Given that the outcome of your job search to a large extent depends on luck, it makes sense to spread your bets over a couple of years. Sometimes people test the waters one year, and if a suitable job doesn't appear, wait another year and try again. I'd recommend against putting off graduation for more than a year though. When you are ready, you should graduate. There are lots of opportunities that you may not see until you are getting out.
It is perfectly fine to take a postdoc position for a year or two, or a research job at an industrial research lab (such as Google, DeepMind, Meta, OpenAI, Microsoft etc.), or a national lab such as Los Alamos or Sandia, or research institute such as Santa Fe Institute, SRI, ICSI, Salk, or ISI. In such jobs, you are doing serious research and building up your vita, and you can apply for an assistant professor position again next year or in a couple of years when a suitable job opens up. In areas such as theory, almost all assistant profs have had a year or two of postdoc or industry research experience, and it is becoming more common in AI as well.
You should only take on a job in a teaching school if you really enjoy teaching and want to do it for a living. It is very hard to get any research done, and it is very hard to move to a research university from a teaching job. But if you are happy with teaching, there are many such jobs available in nice places.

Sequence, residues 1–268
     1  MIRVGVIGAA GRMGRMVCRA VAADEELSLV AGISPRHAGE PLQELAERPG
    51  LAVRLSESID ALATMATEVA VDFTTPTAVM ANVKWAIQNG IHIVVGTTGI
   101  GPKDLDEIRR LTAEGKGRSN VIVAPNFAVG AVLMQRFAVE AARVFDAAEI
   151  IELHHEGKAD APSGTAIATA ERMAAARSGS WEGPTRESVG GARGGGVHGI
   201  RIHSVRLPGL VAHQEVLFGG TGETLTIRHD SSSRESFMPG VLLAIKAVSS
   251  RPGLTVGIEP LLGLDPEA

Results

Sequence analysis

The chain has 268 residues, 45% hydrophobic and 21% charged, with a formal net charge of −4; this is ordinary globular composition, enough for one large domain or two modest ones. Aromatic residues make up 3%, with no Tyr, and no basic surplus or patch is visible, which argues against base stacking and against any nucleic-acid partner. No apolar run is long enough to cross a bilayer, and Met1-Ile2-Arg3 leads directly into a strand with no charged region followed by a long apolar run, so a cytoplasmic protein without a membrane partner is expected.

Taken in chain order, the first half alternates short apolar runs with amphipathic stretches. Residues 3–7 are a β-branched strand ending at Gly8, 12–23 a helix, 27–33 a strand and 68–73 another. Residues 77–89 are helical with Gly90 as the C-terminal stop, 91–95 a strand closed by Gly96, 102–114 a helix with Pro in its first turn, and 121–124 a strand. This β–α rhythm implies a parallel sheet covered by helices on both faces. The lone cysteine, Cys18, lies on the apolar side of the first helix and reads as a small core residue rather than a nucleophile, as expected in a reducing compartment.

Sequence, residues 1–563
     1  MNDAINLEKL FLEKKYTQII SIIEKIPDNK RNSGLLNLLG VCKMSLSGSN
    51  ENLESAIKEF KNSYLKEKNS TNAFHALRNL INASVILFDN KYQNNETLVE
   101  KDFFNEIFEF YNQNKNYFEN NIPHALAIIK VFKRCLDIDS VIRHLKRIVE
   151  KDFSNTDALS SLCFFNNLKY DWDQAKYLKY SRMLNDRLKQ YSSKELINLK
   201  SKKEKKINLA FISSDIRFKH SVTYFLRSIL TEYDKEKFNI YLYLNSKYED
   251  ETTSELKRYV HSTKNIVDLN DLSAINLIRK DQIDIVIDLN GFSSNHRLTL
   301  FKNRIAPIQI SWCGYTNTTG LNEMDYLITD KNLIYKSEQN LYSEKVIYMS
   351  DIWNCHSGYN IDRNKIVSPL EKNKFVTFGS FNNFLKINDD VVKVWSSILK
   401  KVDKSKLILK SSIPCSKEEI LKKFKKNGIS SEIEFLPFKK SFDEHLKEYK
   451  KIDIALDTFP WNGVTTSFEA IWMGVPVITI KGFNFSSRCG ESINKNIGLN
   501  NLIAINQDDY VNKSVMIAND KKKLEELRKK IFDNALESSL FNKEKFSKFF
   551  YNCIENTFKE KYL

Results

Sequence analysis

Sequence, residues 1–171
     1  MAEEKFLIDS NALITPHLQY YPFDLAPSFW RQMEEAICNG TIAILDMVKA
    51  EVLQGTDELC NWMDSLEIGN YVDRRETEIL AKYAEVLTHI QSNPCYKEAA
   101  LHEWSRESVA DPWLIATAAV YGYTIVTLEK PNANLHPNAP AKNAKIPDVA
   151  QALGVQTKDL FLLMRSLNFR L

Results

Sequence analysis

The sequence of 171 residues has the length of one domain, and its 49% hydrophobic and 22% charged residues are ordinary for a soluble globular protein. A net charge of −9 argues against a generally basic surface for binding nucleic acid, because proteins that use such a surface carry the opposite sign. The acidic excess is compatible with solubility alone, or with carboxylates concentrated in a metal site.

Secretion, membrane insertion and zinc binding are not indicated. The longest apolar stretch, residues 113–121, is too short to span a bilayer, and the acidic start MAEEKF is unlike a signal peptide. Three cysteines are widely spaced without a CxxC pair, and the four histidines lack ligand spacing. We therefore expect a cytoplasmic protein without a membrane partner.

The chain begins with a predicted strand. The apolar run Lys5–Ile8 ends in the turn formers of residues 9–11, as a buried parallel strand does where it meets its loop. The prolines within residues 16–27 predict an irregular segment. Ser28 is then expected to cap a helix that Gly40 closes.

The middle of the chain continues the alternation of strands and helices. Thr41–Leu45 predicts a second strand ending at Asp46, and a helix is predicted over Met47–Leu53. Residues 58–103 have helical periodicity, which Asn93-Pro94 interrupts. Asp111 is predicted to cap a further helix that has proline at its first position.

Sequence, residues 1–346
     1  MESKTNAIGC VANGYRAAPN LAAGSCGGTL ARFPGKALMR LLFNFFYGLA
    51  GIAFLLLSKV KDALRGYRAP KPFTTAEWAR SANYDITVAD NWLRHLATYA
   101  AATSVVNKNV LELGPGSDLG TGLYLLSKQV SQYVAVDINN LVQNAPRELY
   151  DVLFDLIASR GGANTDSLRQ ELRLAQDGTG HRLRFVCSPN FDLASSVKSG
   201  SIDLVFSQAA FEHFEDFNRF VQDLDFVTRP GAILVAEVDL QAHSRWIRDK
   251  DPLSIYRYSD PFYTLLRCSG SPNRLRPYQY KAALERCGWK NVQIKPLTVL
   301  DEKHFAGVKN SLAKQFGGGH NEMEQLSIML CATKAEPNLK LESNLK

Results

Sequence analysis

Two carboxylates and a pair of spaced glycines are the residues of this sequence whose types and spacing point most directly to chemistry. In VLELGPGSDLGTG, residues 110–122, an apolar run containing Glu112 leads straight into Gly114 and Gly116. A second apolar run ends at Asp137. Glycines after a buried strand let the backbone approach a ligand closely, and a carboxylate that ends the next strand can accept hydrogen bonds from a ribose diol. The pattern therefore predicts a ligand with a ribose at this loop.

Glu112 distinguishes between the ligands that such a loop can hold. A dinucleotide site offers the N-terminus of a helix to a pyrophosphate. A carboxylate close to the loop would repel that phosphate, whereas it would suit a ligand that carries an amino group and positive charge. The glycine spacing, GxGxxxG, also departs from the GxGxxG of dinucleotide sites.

As an industry researcher, you may have access to excellent resources beyond those in the academia. For instance, large computational experiments may cost tens of thousands (upto millions), and industry usually provides such access easily. You also do not have to teach, and there are software developers to help develop systems and run experiments. You also may have access to real-world data and customers, which can be a tremendous source of inspiration for research questions. You will likely also create patent applications, and their cost (about $30k) is not a problem in industry.
On the other hand, in industry you also may need to adhere to constraints on what you can work on, and may need to spend some of your time creating products and customer applications that may never be published, or even utilized.
Unlike jobs in academia, industry jobs can open up at any time. It helps if you've had an internship or two during your grad student years---it is always easier to apply when they already know you, but also you have a better idea of what you are getting into, and how to look for opportunities and how to interview.
It goes without saying that you should not start an industry job before you are completely done with your PhD. Even if you have just a couple of weeks of work left, that work can easily stretch into several years, and you will not be happy during that time. You can certainly apply before you are done, but make sure your start date is after your graduation date.